Dietary methionine restriction improves glucose metabolism in the skeletal muscle of obese mice†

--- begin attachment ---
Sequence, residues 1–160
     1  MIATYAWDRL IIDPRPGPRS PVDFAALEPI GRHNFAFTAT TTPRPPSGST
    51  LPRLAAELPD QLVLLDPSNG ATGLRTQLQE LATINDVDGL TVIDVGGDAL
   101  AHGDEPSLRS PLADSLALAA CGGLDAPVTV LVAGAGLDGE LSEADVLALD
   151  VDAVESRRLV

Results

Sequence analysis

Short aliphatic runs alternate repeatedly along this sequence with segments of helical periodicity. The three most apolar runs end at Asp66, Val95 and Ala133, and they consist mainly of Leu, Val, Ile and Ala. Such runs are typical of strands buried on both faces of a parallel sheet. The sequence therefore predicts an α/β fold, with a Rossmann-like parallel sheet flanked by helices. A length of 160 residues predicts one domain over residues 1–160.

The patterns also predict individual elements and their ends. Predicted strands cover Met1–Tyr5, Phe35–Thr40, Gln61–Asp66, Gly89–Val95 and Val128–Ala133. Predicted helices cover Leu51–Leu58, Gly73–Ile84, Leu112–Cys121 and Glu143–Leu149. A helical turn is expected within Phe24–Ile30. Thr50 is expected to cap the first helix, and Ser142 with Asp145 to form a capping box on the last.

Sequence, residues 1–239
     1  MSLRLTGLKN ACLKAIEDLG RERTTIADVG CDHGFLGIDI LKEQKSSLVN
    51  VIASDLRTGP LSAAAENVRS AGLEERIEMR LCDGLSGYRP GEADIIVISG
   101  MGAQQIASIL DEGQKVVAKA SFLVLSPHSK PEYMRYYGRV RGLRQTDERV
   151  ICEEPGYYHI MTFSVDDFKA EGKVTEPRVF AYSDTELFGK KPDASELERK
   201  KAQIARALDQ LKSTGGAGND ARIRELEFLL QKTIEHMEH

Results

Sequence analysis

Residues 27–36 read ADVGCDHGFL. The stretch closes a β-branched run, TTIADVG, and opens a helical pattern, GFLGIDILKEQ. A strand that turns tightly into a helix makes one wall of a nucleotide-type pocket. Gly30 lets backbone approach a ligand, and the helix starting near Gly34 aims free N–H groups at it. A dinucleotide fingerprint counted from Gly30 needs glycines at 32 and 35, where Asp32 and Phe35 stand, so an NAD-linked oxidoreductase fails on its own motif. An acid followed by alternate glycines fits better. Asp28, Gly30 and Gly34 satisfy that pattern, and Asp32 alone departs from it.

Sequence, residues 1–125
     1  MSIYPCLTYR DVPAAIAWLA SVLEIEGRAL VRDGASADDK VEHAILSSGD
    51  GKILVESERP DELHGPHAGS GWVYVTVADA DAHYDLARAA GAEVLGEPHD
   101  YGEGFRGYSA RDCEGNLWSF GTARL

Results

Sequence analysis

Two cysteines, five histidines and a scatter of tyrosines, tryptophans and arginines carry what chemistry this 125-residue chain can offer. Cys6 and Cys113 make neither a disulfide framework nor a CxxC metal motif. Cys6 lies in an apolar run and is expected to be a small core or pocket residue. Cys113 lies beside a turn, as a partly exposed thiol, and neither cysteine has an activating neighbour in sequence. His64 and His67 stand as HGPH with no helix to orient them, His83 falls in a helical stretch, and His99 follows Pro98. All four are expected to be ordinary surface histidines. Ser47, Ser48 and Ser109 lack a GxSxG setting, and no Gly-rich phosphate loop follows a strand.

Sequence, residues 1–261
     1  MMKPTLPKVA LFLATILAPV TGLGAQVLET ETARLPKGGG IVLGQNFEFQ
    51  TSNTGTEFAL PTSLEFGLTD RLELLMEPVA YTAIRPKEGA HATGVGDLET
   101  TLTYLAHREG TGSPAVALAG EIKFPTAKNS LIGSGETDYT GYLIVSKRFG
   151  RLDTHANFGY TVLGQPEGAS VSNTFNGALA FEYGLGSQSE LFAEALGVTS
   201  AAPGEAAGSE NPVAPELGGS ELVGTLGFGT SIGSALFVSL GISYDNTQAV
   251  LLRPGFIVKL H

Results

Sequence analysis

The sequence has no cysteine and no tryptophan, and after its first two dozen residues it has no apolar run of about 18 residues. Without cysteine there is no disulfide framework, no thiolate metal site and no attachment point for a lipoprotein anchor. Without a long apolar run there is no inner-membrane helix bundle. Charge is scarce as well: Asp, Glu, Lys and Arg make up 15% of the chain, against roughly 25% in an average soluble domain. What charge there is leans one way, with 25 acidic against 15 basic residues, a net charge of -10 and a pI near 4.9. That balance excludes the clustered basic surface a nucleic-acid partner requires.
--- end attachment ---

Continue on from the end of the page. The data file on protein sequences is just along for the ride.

Dietary methionine restriction (MR) has many positive effects on metabolic health. Recent studies have indicated that overall insulin sensitivity is improved by dietary MR. This study aimed to determine the effects of MR on insulin signalling and glucose utilisation in the skeletal muscle of obese mice. First, male C57BL/6J mice in the CON group were fed a control diet (0.86% methionine + 4% fat) for 34 weeks, and others were fed a high-fat (HF) diet (0.86% methionine + 20% fat) for 10 weeks to induce obesity. Then, the mice were divided into four dietary groups: the HF group (maintained on the HF diet), HF + MR group (0.17% methionine + 20% fat), C* group (changed to a control diet, 0.86% methionine + 4% fat), and C* + MR group (0.17% methionine + 4% fat) for 24 weeks. Mice were euthanised at 8, 16 or 24 weeks. The results indicated that MR ameliorated obesity-induced hyperglycaemia and hyperinsulinemia. Moreover, MR up-regulated the gene expression of disulfide-bond A oxidoreductase-like protein and cystathionine-γ-lyase and promoted adiponectin and H2S production in inguinal white adipose tissue. Furthermore, MR activated AMP-activated protein kinase and inhibited its downstream signalling and up-regulated insulin signalling-related molecules in gastrocnemius muscle. Overall, MR improved glucose metabolism via increasing glycogen synthesis, glycolysis, and aerobic oxidation. Interestingly, most parameters were equivalent between the HF + MR group and C* + MR group. These findings suggest that dietary MR can improve glucose metabolism in obese mice.